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Difference Between Bubble Jet and Inkjet Printers

Updated April 17, 2017

Bubble jet printers, actually a type of inkjet printer, differ from other inkjets by using heat to create bubbles that fire the ink onto paper. Other inkjet printers use a piezo actuator--a ceramic piece vibrated by electricity--to force ink onto paper.

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Siemens patented the first inkjet printer in 1951 and developed it through the 1960s, according to Mimech.com. In the 1970s, IBM made the continuous inkjet printer to mark and code packages. In 1977, Siemens unveiled the drop-on-demand inkjet printer, which was far less complex--it would only eject ink onto the paper when needed, using a piezoelectric ceramic actuator.

Mimech.com also notes that Cannon developed the first bubble jet printer in the 1970s, similar to Siemens' inkjet using a piezo actuator, except Cannon's bubble jet used heat to form an ink vapour bubble that forced the ink onto the paper. Soon after, Hewlett-Packard launched its bubble jet printer, called a thermal inkjet.


The most familiar part of the printer is the ink cartridge we change when the ink runs out. Modern printers include the print head in the ink cartridge. The print head is where the ink is sprayed on the paper, with a piezo actuator or a bubble jet. The print head rides on a stabiliser bar that evenly distributes the inks while the stepper motor pushes it back and forth. Once you insert paper into a printer, rollers pull the paper inside and makes sure the paper moves at a correct pace so the printing goes smoothly.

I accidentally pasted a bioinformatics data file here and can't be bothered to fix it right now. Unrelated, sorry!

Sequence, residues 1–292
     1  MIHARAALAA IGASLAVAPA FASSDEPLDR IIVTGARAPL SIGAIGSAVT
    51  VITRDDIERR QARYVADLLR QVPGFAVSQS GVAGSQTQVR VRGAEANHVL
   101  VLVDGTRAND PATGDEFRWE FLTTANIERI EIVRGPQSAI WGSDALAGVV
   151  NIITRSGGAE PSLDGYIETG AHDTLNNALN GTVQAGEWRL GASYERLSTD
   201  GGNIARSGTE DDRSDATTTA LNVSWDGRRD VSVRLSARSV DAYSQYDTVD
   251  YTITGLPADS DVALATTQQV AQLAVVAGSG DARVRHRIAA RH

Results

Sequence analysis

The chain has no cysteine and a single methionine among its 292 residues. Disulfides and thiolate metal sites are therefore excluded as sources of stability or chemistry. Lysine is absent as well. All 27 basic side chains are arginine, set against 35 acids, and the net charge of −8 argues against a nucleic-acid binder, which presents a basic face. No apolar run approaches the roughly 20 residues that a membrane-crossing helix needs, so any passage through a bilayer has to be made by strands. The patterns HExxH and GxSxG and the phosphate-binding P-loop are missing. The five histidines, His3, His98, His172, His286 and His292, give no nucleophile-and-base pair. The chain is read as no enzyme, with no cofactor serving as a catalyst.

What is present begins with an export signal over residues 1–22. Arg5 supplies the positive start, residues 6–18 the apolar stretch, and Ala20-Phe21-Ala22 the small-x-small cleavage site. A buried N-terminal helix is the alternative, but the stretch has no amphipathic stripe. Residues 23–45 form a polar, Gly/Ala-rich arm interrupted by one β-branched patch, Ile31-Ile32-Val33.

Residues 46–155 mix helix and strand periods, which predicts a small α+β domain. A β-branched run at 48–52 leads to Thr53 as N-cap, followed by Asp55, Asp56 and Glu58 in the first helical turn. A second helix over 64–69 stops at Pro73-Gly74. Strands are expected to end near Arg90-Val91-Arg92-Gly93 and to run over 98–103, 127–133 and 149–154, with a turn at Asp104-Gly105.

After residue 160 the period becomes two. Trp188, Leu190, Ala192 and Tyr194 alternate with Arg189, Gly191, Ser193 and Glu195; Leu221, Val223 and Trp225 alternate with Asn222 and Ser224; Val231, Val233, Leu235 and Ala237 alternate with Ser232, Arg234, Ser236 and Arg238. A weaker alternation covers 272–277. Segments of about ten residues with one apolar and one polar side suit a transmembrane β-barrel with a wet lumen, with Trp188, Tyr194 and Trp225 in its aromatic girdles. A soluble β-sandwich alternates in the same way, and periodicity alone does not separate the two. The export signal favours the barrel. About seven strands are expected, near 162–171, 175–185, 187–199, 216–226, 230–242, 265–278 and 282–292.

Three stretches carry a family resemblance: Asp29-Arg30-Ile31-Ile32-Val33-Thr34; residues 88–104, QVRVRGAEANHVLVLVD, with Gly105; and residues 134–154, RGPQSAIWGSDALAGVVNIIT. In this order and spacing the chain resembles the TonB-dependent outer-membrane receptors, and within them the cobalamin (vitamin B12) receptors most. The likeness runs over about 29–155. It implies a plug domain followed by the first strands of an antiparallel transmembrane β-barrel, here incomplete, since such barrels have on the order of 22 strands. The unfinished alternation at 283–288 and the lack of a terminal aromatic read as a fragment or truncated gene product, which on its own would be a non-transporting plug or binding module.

Inkjet printers, including bubble jets, are very quiet and can produce beautiful colour images with photographic quality. Another advantage is their relatively low price when compared to other printer types, such as laser printers.


The disadvantage of using an inkjet printer is that, while inkjets are cheaper than laser printers, they cost more to maintain, especially in cost per page. The exception is the heavy-duty industrial printer, some models of which can produce printouts for about one-third of a cent per page, reports Mimech.com.


Before purchasing a printer, people should consider what they need in a printer and how they plan to use it--primarily for text printing versus printing photos from a digital camera--and the cost of ink. You can often find bargains or special discounts online.

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About the Author

Mike Jones

Mike Jones is an Atlanta native who has been writing professionally since 2000. He has written a number of entertainment, health and how-to articles for online publications such as eHow and Answerbag. He holds a master's degree in journalism from Regent University.

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